There are four scenes, the fourth being much longer than the others. The idiom is that of free atonality with no key centre. The mood is constantly changing and so is the orchestral texture, which is astonishingly inventive and varied, far subtler than in Pelleas und Melisande and full of fine detail. It sounds as if it were just a constant wave of new invention, though rather there are constant variations on certain ideas with nothing ever repeated exactly. The vocal line calls at times for great refinement and at others for Wagnerian power to overcome the large orchestra. The whole work is like a nightmare; it is also, as the conductor Otto Klemperer once said, a tragic work of genius.

I should say that although Erwartung is occasionally staged, usually in a double bill with Bartók’s Bluebeard’s Castle, a programme I have seen, it is almost equally effective in concert performance and as an audio recording.

Edward Gardner secures superbly confident performances from his orchestra. I was made aware of his ability to elucidate elaborate textures by his recordings of Szymanowski and Lutosławski and the command of the early Schoenbergian idiom he showed in his recording of Gurrelieder. Sara Jakubiak is excellent as the Woman, tender and tremulous when required but rising to the sudden fierce climaxes with ease.  I was greatly taken with her performance of the role. The sound – this is a SACD but I was listening in two channel stereo – is lustrous and with plenty of bloom, and acoustically this is a quality production. I do, however, have to point out that the booklet, though it has helpful notes on the two works, has the libretto for Erwartung only in German with no translation, despite taking up several pages with advertisements for other recordings.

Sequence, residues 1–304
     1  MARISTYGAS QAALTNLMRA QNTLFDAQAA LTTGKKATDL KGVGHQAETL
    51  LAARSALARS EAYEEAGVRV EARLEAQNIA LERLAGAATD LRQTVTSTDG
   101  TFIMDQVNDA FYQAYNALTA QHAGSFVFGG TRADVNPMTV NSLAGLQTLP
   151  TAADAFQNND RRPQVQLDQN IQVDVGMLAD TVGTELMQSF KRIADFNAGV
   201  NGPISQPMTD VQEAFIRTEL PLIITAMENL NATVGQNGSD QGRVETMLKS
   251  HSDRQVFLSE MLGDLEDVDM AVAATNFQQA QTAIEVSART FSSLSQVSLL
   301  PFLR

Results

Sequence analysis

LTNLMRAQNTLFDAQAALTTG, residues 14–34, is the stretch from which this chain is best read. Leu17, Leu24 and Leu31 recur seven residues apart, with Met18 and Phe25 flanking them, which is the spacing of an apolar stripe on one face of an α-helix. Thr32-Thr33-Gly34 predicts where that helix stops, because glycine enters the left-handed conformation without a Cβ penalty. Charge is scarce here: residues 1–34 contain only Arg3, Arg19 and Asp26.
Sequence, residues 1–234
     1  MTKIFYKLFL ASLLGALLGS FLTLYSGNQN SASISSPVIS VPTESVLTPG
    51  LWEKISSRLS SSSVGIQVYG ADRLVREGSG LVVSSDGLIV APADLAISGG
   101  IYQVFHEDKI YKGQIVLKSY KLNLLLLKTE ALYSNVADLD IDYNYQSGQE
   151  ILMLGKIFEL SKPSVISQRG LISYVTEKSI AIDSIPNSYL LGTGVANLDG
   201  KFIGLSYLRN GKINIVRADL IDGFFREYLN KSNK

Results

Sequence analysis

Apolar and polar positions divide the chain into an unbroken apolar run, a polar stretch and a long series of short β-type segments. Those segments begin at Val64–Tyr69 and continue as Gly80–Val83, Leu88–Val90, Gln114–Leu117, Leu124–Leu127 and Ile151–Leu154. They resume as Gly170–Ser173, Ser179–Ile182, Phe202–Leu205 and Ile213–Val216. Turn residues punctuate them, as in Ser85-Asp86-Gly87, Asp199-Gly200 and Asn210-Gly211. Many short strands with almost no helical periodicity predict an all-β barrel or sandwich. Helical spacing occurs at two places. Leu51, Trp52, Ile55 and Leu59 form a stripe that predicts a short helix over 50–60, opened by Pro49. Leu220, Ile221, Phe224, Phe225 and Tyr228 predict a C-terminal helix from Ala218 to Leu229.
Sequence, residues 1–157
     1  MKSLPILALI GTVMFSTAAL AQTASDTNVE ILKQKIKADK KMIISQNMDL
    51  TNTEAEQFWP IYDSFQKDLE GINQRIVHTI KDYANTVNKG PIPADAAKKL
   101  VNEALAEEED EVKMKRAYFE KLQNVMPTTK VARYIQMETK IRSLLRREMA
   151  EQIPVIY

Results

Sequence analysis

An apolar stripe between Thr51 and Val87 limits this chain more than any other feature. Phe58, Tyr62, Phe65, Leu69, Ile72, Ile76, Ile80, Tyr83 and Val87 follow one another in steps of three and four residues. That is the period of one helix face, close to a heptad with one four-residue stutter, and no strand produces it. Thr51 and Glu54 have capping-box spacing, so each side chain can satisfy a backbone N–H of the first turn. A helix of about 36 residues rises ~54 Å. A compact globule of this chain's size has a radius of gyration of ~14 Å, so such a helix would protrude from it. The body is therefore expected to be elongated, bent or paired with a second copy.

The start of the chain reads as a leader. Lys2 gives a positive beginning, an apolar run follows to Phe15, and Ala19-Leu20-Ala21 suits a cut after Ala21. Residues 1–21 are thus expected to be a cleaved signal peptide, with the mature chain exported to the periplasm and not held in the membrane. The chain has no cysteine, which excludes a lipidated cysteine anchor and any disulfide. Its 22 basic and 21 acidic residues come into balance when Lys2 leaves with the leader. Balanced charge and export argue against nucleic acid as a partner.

There is a surprising amount of competition, though the only other version I know which has offered this particular coupling is by Robert Craft, in his Naxos version with Anja Silja. The more obvious coupling for Pelleas und Melisande is Verklärte Nacht, from the same period and in a similar idiom, and there are several versions which offer this, though I think the celebrated Karajan one makes it sound even more like Strauss than it is already. For Erwartung, despite the fearsome difficulties of the work for both singer and orchestra, there are several excellent versions, though my ideal coupling, with Schoenberg’s other short opera of the time, Die Glückliche Hand, and the Op. 22 orchestral songs, has not yet been offered by anyone. Helga Pilarczyk with Hermann Scherchen (Wergo), Anja Silja in her other version with Christoph von Dohnanyi (Decca) and Jessye Norman with James Levine (Philips) all count as classics but are all quite old, and there are more recent versions which I have not heard. But if this coupling suits and you can manage without a translation of the libretto – or already have a version which contains one – this will do very well.

Stephen Barber

Previous review: John France